Pushing the Blanket

On Tuesday, Morristown Superior Court Judge Peter Bogaard made preliminary rulings against 18-year-old high-school senior Rachel Canning.

Canning had left her family home after a falling-out with her parents and was asking the court to compel them to continue to support her. She asked that they pay for her tuition, legal fees and around two-and-a-half thousand dollars a month in child support. Her parents argued that she left after refusing to comply with the rules they set and had to take responsibility for her actions.

Let’s be clear. The reason this story is newsworthy is not because of the issues it raises regarding what legal obligations a parent has to a child. It also is not because of the details of this particular case, and the relationship between the Cannings and their eldest daughter.

It is because a child actually sued her parents for things she felt she was, to quote her lawyer, “entitled to.”

But it shouldn’t really be surprising.

Late this past October, the Census Bureau released data that showed that in the end of 2011, over 49 percent of Americans were receiving benefits from one or more government programs. While the social safety net serves an important purpose in helping those who, despite their best efforts, need some help, it has grown to the point where it does far more than just that. It creates a culture of dependency, and from that can come a sense of entitlement.

The Torah ideal, however, is not to be someone who takes; it is to be someone who gives. The Alter fun Slabodka explains why Avraham Avinu toiled to invite guests into his home despite the fact that he was weak from his bris milah. By giving to others to the degree of complete selflessness, Avraham was able to emulate Hakadosh Baruch Hu’s middah of chessed.

When the CEO of Starbucks, Howard Schultz, was at a meeting with the Mirrer Rosh Yeshivah, Harav Nosson Tzvi Finkel, zt”l, what the Rosh Yeshivah said had such a profound impact on him that he wrote an article about it. Schultz recorded how Harav Finkel explained to the group what he said was the lesson of the Holocaust:

“As you know, during the Holocaust, the people were transported in the worst possible, inhumane way by railcar. They thought they were going to a work camp. We all know they were going to a death camp.

“After hours and hours in this inhumane corral with no light, no bathroom, cold, they arrived at the camps. The doors were swung wide open, and they were blinded by the light. Men were separated from women, mothers from daughters, fathers from sons. They went off to the bunkers to sleep.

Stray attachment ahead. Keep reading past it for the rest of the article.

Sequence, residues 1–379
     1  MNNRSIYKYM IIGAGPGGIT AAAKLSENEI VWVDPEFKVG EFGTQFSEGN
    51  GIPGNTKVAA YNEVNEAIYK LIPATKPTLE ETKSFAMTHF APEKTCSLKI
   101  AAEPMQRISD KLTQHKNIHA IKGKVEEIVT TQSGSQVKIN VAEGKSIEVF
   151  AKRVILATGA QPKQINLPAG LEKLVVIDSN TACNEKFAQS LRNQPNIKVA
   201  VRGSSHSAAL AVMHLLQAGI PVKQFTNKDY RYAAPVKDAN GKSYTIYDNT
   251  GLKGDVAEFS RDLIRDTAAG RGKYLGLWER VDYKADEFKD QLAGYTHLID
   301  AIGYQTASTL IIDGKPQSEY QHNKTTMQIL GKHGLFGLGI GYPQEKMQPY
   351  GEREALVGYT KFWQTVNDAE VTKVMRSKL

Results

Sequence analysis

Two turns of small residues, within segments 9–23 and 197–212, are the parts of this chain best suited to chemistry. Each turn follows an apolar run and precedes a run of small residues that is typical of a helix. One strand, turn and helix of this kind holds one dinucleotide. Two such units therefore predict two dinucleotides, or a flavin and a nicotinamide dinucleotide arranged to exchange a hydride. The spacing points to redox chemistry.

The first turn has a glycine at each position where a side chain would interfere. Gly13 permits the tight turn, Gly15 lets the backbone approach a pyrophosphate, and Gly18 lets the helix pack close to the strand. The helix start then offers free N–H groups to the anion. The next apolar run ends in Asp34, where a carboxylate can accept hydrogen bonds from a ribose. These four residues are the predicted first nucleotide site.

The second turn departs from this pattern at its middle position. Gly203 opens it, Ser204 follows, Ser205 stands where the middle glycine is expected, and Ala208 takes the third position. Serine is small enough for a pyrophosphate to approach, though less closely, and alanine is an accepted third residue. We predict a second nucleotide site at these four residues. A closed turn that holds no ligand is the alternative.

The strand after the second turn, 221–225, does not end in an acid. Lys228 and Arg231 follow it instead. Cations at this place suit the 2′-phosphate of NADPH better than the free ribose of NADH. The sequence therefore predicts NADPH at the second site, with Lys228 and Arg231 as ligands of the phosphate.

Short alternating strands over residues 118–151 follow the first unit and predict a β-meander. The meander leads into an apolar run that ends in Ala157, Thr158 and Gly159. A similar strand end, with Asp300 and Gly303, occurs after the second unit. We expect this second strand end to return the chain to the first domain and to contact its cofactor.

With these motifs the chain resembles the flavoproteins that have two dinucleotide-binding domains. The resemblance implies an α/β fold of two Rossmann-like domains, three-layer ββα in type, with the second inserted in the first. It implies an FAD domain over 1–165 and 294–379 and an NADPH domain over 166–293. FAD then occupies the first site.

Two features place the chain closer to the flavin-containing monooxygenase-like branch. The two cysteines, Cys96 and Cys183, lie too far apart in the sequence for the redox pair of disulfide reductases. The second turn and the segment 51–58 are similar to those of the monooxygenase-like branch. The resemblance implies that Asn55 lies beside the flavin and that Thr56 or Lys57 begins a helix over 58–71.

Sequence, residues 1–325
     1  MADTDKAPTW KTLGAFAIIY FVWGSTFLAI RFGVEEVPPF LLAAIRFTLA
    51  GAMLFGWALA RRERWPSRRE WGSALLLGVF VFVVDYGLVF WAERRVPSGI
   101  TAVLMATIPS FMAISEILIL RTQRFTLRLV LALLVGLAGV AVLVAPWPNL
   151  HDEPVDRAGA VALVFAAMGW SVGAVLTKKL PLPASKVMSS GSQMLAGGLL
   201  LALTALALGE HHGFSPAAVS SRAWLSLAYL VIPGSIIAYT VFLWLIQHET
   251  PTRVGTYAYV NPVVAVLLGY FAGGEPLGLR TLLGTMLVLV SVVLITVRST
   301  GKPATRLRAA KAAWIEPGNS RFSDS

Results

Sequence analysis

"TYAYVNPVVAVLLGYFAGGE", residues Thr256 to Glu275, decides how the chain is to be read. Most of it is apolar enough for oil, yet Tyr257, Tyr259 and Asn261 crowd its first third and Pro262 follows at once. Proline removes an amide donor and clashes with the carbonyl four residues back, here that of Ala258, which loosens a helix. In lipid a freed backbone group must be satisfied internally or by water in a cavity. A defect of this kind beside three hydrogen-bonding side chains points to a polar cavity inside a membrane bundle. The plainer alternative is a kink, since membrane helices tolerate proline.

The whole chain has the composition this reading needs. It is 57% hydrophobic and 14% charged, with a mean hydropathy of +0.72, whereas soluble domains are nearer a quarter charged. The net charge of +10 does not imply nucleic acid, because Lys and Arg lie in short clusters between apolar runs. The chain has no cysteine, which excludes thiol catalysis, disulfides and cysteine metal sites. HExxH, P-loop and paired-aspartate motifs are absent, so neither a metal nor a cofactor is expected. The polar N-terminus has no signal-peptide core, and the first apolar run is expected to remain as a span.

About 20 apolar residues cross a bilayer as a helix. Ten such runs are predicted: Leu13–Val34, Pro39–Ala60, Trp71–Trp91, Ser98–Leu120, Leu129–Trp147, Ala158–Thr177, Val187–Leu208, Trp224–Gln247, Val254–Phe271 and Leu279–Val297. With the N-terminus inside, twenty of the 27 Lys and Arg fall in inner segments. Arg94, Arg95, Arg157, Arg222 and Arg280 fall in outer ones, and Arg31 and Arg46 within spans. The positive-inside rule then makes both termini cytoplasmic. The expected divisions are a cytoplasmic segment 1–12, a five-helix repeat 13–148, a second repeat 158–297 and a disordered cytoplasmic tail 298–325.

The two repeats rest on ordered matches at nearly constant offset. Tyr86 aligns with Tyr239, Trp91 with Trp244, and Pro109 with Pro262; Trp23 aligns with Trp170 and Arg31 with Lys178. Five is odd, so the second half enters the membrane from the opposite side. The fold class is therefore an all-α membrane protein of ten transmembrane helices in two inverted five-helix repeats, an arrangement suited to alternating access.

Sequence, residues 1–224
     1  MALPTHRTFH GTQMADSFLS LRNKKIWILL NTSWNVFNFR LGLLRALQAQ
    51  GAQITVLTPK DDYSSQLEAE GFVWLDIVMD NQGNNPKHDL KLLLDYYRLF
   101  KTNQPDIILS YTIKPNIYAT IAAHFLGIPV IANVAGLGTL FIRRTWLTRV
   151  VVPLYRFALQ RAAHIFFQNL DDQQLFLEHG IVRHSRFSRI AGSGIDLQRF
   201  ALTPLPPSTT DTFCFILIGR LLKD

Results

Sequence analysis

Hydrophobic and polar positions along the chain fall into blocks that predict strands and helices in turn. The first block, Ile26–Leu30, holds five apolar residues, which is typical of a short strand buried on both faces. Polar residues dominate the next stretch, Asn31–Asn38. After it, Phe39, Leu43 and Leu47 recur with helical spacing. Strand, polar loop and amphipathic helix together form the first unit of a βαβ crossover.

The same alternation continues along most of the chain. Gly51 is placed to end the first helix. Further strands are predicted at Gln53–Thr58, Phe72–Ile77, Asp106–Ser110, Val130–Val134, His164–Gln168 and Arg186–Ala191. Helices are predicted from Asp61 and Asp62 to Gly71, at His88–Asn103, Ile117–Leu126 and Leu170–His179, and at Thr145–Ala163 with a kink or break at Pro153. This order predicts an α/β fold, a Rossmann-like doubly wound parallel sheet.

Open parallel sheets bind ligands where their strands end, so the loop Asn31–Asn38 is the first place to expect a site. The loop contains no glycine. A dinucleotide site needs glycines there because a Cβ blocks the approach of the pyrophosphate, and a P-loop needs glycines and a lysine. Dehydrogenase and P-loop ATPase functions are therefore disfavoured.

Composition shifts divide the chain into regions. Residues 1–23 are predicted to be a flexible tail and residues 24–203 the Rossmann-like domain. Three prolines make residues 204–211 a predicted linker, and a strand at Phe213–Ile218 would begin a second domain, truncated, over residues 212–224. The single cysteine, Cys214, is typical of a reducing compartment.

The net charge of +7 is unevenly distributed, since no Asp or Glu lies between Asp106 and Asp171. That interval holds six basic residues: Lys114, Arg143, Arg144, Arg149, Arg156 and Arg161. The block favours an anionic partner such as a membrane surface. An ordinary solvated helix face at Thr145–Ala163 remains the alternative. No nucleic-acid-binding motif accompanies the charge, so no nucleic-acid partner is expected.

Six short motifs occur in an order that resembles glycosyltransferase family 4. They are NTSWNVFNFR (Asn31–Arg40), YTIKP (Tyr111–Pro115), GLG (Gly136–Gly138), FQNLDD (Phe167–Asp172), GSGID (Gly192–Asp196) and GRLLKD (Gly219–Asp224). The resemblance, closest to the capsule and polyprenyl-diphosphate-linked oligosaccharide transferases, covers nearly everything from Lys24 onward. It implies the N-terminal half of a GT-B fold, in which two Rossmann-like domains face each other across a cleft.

“As they went into the area to sleep, only one person was given a blanket for every six. The person who received the blanket, when he went to bed, had to decide, ‘Am I going to push the blanket to the five other people who did not get one, or am I going to pull it toward myself to stay warm?”

And Rabbi Finkel says, “It was during this defining moment that we learned the power of the human spirit, because we pushed the blanket to five others.”

And with that, he stood up and said, “Take your blanket. Take it back to America and push it to five other people.”

Nobody goes through life without getting anything from anyone else. Even the Kedoshim Harav Finkel referenced were dependent on each other. The question is what we focus on doing. Our primary focus defines who, in essence, we are — whether we are “givers” or “takers.”

To be sure, there are many different ways one can give. A parent raises a child and cares for every one of its needs from birth through adulthood. But a child — who is the recipient of what is largely seen as unreciprocated benefaction — can give to the parent as well. What does any parent desire more than getting nachas from his or her child?

When each party is focused on “pushing the blanket” on the other, everyone feels like they are completely covered. It is only with that kind of focus that either person will get anything out of the relationship. But if everyone feels “entitled” to the same blanket, they will fight over it.

And then nobody wins.

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